A recent Ohio federal court decision serves as a reminder that companies need to review their Bring Your Own Devices (BYOD) policies to ensure that employees are adequately informed about the communications that corporate employers can monitor during and after employment.
In Lazette v. Kulmatycki, the U.S. District Court for the Northern District of Ohio ruled that a former employer may violate the Stored Communications Act (SCA) by accessing electronic information through a company-issued smartphone after an employee has left the company. In this case, a former employee alleged that her former supervisor continued to read 48,000 personal e-mails on her company-issued BlackBerry for 18 months after she had turned in the device.
The employee was told that she could use the device for work as well as personal matters. Before she turned in the phone, she deleted her work e-mails, but inadvertently left her personal e-mail account accessible. Her former supervisor continued to read opened and unopened mail until she changed her password.
A violation of the SCA occurs when someone "(1) intentionally accesses without authorization a facility through which an electronic communication service is provided; or (2) intentionally exceeds an authorization to access that facility; and thereby obtains… access to a wire or electronic communication while it is in electronic storage in such system[.]" The court rejected the defendants' argument that the SCA's congressional intent is to reach computer hackers only. It found that the Act's purpose is generally to "prohibit persons and entities from intentionally accessing electronic data without authorization or in excess of authorization."
The court highlighted that the employee "neither knew nor approved" of her supervisor accessing her personal e-mails. And even if the employee inadvertently left her personal e-mail account accessible, such actions would not establish "implied consent," as the employee was unaware of the possibility that others might access her future e-mails from the account.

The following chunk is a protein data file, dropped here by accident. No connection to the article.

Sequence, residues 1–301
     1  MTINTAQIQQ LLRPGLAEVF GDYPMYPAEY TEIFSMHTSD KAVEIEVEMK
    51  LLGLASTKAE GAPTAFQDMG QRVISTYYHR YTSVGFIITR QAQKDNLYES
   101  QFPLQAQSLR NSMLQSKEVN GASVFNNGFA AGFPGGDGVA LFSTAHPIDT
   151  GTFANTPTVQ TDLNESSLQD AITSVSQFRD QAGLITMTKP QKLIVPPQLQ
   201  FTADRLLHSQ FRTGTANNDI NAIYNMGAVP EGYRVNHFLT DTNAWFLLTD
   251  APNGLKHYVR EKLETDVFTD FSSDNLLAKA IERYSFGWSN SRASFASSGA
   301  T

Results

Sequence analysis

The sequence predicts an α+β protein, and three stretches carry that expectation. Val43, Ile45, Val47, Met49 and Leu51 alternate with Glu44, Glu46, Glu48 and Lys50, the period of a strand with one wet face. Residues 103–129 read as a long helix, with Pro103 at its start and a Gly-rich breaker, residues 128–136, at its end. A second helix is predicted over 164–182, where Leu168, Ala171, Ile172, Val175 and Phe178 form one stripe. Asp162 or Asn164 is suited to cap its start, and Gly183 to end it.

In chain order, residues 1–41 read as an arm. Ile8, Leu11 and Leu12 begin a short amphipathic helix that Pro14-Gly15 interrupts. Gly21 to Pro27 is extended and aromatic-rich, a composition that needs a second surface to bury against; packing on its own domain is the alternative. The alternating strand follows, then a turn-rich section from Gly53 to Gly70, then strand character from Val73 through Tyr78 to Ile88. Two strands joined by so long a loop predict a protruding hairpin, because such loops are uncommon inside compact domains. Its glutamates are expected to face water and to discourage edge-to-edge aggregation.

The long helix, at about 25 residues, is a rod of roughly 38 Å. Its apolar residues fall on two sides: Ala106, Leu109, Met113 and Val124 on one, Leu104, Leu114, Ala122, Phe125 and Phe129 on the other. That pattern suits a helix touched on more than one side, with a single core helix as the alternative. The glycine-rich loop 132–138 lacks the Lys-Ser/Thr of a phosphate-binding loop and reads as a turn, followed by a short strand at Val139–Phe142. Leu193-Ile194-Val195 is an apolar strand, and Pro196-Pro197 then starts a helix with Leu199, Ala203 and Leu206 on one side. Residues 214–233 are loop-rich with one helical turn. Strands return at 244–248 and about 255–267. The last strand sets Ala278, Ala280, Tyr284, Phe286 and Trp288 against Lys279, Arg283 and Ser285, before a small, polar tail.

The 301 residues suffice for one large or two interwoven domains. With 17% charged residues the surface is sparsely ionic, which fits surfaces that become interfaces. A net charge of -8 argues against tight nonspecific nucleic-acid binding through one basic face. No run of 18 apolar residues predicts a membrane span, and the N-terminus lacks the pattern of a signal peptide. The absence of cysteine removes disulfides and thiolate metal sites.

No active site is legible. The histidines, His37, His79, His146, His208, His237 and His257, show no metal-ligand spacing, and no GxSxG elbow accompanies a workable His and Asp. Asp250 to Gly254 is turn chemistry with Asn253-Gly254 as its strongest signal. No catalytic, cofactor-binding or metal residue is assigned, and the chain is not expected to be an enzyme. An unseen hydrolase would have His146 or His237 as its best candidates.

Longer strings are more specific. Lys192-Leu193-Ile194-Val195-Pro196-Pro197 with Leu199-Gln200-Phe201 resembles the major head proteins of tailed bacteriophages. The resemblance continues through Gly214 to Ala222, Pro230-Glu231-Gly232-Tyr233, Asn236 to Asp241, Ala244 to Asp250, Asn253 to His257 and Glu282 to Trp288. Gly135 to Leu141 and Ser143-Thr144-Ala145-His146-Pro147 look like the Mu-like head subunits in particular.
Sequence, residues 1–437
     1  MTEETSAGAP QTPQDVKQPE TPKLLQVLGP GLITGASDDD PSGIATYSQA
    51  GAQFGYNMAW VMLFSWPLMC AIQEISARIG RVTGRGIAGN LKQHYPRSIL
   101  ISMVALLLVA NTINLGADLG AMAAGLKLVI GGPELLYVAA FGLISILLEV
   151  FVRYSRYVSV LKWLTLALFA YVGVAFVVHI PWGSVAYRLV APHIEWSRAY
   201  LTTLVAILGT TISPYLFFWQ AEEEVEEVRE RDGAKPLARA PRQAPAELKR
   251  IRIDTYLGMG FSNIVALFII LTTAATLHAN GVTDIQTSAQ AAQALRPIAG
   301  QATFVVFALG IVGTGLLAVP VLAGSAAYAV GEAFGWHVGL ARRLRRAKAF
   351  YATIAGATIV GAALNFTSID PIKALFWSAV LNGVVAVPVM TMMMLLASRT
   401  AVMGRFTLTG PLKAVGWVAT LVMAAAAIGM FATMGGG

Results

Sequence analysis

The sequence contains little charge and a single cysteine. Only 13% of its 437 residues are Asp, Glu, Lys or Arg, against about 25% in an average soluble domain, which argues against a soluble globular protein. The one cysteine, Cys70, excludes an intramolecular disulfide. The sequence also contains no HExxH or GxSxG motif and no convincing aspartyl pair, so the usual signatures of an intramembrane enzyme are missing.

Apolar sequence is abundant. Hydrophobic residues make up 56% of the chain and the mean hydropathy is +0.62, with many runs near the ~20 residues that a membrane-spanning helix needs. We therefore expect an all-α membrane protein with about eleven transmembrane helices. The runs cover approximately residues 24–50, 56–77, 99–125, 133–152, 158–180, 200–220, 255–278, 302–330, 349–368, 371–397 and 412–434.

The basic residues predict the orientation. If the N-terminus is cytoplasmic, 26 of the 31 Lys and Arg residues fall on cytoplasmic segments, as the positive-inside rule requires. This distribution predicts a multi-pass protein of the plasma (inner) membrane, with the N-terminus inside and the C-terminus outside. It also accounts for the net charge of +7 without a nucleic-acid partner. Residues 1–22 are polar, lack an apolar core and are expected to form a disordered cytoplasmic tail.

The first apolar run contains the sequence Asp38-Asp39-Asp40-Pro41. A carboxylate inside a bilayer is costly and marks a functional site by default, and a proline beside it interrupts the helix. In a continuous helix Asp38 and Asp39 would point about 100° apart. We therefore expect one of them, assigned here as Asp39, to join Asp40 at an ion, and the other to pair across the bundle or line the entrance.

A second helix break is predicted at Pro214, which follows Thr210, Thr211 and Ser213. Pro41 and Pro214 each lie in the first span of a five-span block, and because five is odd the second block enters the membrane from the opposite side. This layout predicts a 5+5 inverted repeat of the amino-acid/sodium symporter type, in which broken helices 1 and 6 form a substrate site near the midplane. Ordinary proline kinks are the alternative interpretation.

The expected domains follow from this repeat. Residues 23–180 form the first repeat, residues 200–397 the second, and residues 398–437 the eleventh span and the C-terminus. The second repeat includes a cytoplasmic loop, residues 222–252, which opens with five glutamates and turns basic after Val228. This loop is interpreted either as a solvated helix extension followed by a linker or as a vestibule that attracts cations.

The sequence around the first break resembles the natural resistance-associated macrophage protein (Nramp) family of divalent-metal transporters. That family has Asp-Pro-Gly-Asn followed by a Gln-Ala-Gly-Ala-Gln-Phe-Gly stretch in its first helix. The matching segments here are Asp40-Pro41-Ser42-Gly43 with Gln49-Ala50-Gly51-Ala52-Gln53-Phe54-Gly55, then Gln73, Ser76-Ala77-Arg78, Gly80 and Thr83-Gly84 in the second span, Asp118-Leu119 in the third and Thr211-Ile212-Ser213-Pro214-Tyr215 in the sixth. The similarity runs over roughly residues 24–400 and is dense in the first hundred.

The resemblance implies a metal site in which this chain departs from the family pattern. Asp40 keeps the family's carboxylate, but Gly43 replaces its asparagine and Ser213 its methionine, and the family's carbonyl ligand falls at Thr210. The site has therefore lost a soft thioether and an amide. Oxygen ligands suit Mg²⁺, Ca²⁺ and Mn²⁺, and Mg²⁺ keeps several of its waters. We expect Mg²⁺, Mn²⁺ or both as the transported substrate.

The court was careful to distinguish between the employee's e-mail account—which was a "facility" under the SCA—and her computer or BlackBerry, which were not a facility. This ruling is consistent with the Fifth Circuit's recent ruling in Garcia v. City of Laredo.
The court also found that protection under the SCA only extended to personal e-mails that the employee had not opened. E-mails that had been opened and not deleted did not constitute "electronic storage" because they were not being kept "for the purposes of backup protection." As a result, the supervisor's reading of the previously opened e-mails may not violate the SCA. This finding highlights a current split among the U.S. Courts of Appeals, some of which, including the Ninth Circuit, have held that opened e-mails are protected under the SCA.
The Lazette case is a timely reminder to corporate employers with dual-use policies that employers do not necessarily have unfettered rights to all communications that exist, or may be accessed, through a company-provided device or computer. To the contrary, access to accounts protected under the SCA requires explicit employee consent.
The webinar "Avoiding the Pitfalls of 'Bring Your Own Device' Policies," presented on June 12, 2013, may be of interest. Slides and a recording of the webinar are available for your reference.